Samir’s Selection 01/24/2013 (p.m.)

  • tags: brain computing metaphor DanielCDennett NicholasCarr

  • “We don’t just search for car keys or missing socks. We search for truth and meaning, for love, for transcendence, for peace, for ourselves. To be human is to be a searcher… 
    In its highest form, a search has no well-defined object. It’s open-ended, an act of exploration that takes us out into the world, beyond the self, in order to know the world, and the self, more fully… 

    In its new design, Google’s search engine doesn’t push us outward; it turns us inward. It gives us information that fits the behavior and needs and biases we have displayed in the past, as meticulously interpreted by Google’s algorithms. Because it reinforces the existing state of the self rather than challenging it, it subverts the act of searching. We find out little about anything, least of all ourselves, through self-absorption.

    tags: search exploration NicholasCarr technology Google Kurzweil GoogleNow RobertFrost voice echo silence poem personalisation

  • “The Carr principle (which I came up with this morning while eating breakfast) states: the act of searching alters the reality being searched… 
    Here’s the difference between Google and Facebook: Larry Page recognized that commercial corruption was a threat to his ideal. For Mark Zuckerberg, commercial corruption is the ideal.”

    tags: NicholasCarr technology intelligence personalisation search SEO Facebook Google graphsearch

  • “Another of the researchers, Nicholas Christenfeld, also of UC-SD, draws a larger conclusion. Pointing out that our minds did not ”evolve to process carefully edited and polished text” (cavemen’s tastes ran more to The Daily Grunt than The New Yorker), he says, “One could view the past five thousand years of painstaking, careful writing as the anomaly. Modern technologies allow written language to return more closely to the casual, personal style of pre-literate communication. And this is the style that resonates, and is remembered.”

    Now, one might see in all of this a very good reason to celebrate the development of “painstaking, careful writing.” After all, it allowed us to escape our minds’ evolutionary bias for the simple social grunt and helped us to expand our capacity for expressing and comprehending more subtle, more eloquent, more complicated thoughts. Did we have to work harder, cognitively speaking, to understand and remember those more complex thoughts? Of course we did. I mean: duh.”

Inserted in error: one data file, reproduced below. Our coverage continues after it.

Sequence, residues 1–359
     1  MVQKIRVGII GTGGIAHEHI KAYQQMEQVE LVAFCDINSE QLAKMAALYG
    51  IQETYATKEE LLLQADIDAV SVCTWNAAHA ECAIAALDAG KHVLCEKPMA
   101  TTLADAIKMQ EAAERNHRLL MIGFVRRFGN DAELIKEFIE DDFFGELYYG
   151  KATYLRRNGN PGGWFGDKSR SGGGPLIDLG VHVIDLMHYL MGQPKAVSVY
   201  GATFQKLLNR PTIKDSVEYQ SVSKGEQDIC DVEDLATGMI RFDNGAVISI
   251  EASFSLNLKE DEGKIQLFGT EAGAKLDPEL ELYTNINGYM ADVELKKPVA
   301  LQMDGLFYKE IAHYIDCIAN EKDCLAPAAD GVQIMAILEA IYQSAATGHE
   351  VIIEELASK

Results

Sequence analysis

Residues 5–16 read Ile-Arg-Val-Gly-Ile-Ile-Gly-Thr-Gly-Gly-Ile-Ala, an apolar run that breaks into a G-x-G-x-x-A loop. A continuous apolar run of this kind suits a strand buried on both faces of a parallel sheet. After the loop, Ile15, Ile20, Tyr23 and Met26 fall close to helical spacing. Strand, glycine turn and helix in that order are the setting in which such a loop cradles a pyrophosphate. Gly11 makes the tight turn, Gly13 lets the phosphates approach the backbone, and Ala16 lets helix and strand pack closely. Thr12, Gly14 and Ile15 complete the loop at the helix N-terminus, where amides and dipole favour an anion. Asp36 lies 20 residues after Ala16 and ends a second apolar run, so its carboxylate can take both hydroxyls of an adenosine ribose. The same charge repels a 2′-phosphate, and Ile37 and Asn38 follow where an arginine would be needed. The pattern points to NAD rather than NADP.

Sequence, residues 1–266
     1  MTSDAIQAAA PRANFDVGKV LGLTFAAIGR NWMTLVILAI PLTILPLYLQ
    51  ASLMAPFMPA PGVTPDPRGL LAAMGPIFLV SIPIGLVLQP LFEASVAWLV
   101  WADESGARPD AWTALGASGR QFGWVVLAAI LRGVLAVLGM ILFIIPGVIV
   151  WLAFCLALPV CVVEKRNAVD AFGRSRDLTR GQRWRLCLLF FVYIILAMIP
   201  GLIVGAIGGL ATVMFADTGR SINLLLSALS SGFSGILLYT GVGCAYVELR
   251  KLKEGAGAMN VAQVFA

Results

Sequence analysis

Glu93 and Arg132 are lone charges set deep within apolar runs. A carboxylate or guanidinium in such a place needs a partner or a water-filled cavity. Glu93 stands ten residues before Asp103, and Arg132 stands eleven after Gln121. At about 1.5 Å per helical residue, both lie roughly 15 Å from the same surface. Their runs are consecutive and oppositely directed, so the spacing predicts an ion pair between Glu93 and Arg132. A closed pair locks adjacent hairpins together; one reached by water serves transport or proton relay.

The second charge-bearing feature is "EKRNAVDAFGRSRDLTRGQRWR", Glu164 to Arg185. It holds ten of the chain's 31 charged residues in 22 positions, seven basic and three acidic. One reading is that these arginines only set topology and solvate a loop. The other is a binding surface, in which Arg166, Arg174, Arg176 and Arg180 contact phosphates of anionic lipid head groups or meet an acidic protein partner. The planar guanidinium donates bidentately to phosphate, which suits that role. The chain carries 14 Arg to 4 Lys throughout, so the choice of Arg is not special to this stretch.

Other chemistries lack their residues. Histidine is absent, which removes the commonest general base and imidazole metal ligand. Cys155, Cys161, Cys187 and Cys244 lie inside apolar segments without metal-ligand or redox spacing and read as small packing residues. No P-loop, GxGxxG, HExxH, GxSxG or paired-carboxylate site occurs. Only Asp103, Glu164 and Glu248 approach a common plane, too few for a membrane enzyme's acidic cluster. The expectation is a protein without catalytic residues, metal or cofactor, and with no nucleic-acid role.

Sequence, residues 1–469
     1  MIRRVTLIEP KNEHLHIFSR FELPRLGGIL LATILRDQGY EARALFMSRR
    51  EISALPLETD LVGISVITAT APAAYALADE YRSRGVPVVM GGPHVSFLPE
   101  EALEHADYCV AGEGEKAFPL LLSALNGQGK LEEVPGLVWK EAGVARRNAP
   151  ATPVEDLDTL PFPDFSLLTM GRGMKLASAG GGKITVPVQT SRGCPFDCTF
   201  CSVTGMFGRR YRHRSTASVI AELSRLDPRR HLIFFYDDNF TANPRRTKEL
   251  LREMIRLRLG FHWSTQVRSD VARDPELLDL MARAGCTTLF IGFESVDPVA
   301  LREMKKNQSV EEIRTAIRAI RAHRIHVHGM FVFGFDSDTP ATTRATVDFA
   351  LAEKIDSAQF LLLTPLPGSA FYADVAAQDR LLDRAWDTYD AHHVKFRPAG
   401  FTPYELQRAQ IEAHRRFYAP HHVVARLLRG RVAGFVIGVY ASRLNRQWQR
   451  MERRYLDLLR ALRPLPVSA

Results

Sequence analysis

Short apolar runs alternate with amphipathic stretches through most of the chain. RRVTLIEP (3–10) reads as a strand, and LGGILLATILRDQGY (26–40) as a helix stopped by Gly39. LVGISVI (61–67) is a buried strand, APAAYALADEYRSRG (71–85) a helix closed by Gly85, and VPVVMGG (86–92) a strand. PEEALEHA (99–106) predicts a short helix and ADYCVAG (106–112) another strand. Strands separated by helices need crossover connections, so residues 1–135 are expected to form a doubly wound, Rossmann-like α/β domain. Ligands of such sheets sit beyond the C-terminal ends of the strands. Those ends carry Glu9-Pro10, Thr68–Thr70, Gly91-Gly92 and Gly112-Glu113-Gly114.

tags: progress thought mind intelligence NicholasCarr

  • tags: language AI IBM NicholasCarr

  • preemptive nostalgia … 

    “Given society’s current bias toward efficiency and safety and the meticulous measurement of outcomes, I predict that, going forward, the computer reality setup will have an advantage over the human reality setup. Slowly but surely, we’ll defer to the computer reality setup, and eventually the computer reality setup will shoulder aside all other reality setups and become the uniform reality setup. The mixed reality setup that has always characterized human society will go the way of the Dodo and the PalmPilot. Plenty of people will celebrate this eventuality, particularly as they zip effortlessly through complex, accident-free highway systems while playing Words With Friends or writing odd, rambling blog posts. But there’s something to be said for the mixed reality setup. Sure, it leads to inefficiencies and annoyances, but it’s also life’s Sriracha sauce. The conflicts that emerge from the mixed reality setup are the stuff of art, for one thing. And, certainly, you can’t have comedy without a mixed reality setup. Steve Martin? Gone. Tragedy becomes unthinkable, too. The unexpected pleasures of serendipity and ambiguity? Gone, and gone. This may just be a case of preemptive nostalgia, but I already find myself clinging to my mixed reality setup, refusing to let go of the wheel. I’m finding it hard to see a big difference between a uniform reality setup and absolute heat death. We’re going to miss those traffic lights when they’re gone.”

    tags: NicholasCarr driving Google reality nostalgia machineintelligence automation

  • tags: RAND bias corruption NicholasCarr healthcare technology

Posted from Diigo. The rest of my favorite links are here.


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